In the weekly EIA report, crude oil stocks saw a drawdown of 2.6 mb versus and expected drawdown of 1.5 mb. Gasoline stocks saw a drawdown of -1.6 vs unchanged expectations. Ethanol production averaged 1,070,000 bpd versus 1,073,000 the prior week.

The USDA will provide traders with the next glimpse of market information on September 12 with the monthly supply/demand data. The trade will be looking for the USDA to slightly increase their production figure as big crops tend to get bigger. The USDA should be conservative with their estimate as they will most likely wait until more yield data comes in prior to making a major adjustment to their crop estimates. From the demand side, look for the USDA to slightly increase ethanol and feed usage as well as exports. This will create nearly unchanged ending stocks. Corn prices should slide lower during the early stages of harvest.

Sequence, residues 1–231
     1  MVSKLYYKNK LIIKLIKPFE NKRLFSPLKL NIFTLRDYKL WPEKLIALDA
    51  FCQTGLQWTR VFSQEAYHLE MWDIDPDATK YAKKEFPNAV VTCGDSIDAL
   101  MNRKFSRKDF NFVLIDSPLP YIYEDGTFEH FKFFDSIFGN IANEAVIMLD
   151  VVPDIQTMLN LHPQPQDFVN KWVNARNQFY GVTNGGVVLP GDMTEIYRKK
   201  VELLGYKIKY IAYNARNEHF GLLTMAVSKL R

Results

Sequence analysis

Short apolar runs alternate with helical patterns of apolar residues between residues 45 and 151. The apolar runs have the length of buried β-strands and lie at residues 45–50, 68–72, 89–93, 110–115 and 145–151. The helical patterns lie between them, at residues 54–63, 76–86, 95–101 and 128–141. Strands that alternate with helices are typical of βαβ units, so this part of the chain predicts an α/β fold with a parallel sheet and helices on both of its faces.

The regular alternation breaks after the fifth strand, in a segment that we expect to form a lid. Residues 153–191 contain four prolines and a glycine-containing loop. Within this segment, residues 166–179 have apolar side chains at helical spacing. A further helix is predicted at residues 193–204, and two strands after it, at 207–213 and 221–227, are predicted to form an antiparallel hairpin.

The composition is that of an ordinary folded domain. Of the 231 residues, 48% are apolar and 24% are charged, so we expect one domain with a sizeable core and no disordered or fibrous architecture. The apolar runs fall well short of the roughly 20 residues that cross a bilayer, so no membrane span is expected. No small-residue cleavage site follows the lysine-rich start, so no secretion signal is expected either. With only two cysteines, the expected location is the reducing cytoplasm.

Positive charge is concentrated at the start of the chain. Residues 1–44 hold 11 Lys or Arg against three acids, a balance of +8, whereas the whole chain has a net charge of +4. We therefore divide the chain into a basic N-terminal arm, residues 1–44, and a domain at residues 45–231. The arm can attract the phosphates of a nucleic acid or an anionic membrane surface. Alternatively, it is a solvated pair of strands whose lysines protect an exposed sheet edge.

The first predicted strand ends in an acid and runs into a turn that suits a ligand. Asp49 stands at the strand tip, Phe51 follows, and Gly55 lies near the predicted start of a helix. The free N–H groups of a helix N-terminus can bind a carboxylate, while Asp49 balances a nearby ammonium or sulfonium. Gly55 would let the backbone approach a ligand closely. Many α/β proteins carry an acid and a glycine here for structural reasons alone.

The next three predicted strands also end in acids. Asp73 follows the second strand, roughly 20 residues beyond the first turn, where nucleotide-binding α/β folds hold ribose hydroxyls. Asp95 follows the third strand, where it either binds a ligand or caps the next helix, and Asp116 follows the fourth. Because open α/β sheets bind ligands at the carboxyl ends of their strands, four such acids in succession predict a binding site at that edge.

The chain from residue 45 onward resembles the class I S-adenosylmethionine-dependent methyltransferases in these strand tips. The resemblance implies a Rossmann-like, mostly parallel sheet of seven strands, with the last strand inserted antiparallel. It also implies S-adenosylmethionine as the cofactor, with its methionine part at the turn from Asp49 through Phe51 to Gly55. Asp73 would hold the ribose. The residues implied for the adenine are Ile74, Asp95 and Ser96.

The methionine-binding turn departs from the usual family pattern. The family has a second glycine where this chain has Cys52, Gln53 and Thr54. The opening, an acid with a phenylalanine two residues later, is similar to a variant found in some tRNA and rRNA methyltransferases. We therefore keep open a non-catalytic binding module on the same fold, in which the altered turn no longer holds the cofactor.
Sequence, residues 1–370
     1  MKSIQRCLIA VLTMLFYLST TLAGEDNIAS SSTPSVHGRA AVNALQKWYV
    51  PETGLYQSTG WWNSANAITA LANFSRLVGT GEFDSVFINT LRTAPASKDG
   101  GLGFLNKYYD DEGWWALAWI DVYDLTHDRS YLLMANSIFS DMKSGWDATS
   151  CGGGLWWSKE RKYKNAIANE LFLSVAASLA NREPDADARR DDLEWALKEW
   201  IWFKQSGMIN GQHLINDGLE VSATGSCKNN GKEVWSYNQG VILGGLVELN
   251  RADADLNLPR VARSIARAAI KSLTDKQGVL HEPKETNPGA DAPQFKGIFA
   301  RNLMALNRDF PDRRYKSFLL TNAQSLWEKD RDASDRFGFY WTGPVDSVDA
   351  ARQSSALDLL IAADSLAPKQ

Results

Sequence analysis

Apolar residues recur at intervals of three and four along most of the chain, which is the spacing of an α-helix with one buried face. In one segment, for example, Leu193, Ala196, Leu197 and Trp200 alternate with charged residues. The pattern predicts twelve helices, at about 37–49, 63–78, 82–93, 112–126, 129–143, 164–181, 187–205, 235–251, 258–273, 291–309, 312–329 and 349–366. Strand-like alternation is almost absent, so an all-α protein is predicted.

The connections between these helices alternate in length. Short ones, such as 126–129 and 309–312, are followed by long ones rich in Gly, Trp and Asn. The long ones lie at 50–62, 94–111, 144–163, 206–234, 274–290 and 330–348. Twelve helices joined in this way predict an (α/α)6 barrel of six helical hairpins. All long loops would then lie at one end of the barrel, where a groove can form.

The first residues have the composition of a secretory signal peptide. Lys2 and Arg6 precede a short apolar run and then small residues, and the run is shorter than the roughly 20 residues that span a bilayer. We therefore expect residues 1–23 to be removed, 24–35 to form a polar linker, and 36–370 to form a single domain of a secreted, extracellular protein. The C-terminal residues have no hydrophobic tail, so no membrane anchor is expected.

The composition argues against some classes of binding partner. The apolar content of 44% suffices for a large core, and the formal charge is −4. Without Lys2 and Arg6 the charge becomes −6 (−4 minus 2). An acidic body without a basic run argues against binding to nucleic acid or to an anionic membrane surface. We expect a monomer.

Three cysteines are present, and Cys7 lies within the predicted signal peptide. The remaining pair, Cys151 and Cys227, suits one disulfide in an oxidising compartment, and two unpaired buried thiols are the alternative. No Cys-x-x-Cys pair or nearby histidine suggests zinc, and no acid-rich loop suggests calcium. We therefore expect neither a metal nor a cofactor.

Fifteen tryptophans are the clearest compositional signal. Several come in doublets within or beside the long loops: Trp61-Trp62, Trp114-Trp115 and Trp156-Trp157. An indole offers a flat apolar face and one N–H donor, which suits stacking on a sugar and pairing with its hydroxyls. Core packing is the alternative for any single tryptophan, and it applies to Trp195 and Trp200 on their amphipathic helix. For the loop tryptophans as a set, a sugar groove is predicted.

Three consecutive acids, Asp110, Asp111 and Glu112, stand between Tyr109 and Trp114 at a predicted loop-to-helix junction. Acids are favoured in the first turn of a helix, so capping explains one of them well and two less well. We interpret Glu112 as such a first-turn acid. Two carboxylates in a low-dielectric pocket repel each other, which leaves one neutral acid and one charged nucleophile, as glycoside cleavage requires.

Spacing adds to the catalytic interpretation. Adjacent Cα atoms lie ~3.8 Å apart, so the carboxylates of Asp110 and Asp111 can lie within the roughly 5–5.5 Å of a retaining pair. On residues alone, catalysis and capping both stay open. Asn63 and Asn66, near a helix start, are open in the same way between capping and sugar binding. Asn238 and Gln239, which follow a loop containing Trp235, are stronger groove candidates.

Strategy and outlook

Plan on storing as much crop as possible this fall and look for higher prices next summer.

Soybean analysis

Soybeans closed the week $.09 lower. Last week, private exporters 250,000 mts of soybeans to an unknown destination and 198,862 mts of meal to Mexico.

USDA reported 4.1 mb (110,900 mt) of weekly soybean export sales for 2017- 18 and 21.7 mb (591,600 mt) for 2018-19. In 2017-18, total shipments plus outstanding sales are now 2.163 bb, 3 percent less than a year ago. In the weekly crop progress and conditions report, U.S. soybean crop conditions improved slightly to 66 percent good/excellent versus 65 percent expected, 65 percent last week and 61 percent last year.